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Jim Ryan is a senior studying journalism and political science and editor-in-chief of The Post

From The Editor's Desk: Tweeting potential jurors’ names an ethical, not legal, question

When an ethics question arises, who you gonna call?

When an ethics question arises, who you gonna call?

For us at The Post, it’s usually an easy answer. We have a host of university contacts that have years of experience in the field and are able to give us an informed opinion about just about everything we throw at them.

For one quandary that came up this week, I sought a bit of advice from someone who has experience in the field and on the bench. That led me to Tom Hodson, a former judge, Postie and director of the Scripps School of Journalism. He is the current director of WOUB Public Media.

As many of you know, jury selection for the trial of suspended Athens County Sheriff Pat Kelly began Monday. (Kelly was charged last year with 25 counts, including 23 felonies.)

As some of you know, Post reporters live tweeted the names of potential jurors throughout the day Monday. Two of those tweets were retweeted by a staff Twitter account, @ThePostLocal. Judge Patricia A. Cosgrove has since banned live tweeting the proceedings.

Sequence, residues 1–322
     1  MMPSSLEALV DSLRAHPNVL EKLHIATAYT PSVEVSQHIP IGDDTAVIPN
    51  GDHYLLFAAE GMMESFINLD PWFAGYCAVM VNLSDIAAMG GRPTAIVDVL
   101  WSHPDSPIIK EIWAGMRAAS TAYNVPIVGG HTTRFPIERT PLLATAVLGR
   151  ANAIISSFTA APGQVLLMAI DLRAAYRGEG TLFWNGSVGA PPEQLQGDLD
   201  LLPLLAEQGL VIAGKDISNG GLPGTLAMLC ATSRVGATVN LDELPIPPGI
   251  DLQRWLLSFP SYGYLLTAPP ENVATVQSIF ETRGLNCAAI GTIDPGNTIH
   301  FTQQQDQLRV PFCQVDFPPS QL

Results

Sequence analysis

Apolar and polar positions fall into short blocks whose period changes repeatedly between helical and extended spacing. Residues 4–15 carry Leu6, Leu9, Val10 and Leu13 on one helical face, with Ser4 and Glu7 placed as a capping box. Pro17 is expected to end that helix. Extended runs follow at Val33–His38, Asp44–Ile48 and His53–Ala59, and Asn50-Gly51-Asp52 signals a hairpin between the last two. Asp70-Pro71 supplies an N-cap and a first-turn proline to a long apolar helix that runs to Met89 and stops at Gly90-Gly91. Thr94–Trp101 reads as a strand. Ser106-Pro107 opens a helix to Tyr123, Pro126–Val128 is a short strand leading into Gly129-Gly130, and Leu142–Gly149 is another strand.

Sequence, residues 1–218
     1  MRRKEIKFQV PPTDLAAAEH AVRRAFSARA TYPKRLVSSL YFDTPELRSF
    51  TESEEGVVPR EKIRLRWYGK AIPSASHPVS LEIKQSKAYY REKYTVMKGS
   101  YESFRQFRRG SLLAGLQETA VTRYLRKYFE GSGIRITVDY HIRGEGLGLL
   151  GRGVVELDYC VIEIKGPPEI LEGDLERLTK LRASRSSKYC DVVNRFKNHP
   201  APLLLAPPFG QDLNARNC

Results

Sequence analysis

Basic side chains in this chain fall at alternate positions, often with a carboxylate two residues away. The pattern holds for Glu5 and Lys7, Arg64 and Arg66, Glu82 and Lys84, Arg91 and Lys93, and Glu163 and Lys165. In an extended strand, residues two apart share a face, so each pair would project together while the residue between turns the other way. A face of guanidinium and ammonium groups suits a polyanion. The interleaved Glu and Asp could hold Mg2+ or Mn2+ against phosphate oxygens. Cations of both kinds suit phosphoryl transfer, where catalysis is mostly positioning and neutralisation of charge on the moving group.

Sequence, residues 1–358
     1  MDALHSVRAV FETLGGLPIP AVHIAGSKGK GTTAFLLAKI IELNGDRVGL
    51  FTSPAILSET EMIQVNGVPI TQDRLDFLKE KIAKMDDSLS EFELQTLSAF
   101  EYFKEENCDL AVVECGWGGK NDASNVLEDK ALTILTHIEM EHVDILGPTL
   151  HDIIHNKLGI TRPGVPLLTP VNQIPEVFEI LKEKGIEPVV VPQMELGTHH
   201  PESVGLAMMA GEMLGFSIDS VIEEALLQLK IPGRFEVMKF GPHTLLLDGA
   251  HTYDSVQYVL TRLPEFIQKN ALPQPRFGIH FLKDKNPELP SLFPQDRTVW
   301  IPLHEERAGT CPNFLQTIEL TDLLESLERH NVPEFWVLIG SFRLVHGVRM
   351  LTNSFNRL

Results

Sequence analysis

As a few of you know, there’s actually nothing illegal about publishing the names of jurors — potential or sitting.

“Those are news judgment and fairness and ethical questions that you as a news organization have the total parameters to decide,” Hodson told me. “How you decide that may be an ethical question, but it’s certainly not a legal question.”

We did publish the name of one dismissed juror, the mayor of Glouster, in our story about the first day of jury selection because we deemed it to be newsworthy.

Where The Post fell short, Hodson and I surmised, was in the process of preparing for the trial. I should have started a newsroom conversation beforehand about the newsworthiness of potential jurors’ names and ensured that reporters were up to speed about what to tweet.

Was it our best decision to tweet the names of prospective jurors? Probably not. But the trial will proceed as planned, live tweets or not.

“Nothing that your reporters did ultimately impacts on the fairness of the trial,” Hodson said.

As it should be. Thanks for reading.

Jim Ryan is a senior studying journalism and political science and editor-in-chief of The Post. On the edge of your seat about the Kelly trial? Think he should go kick rocks? Contact him at or on Twitter at @Jimryan015. 

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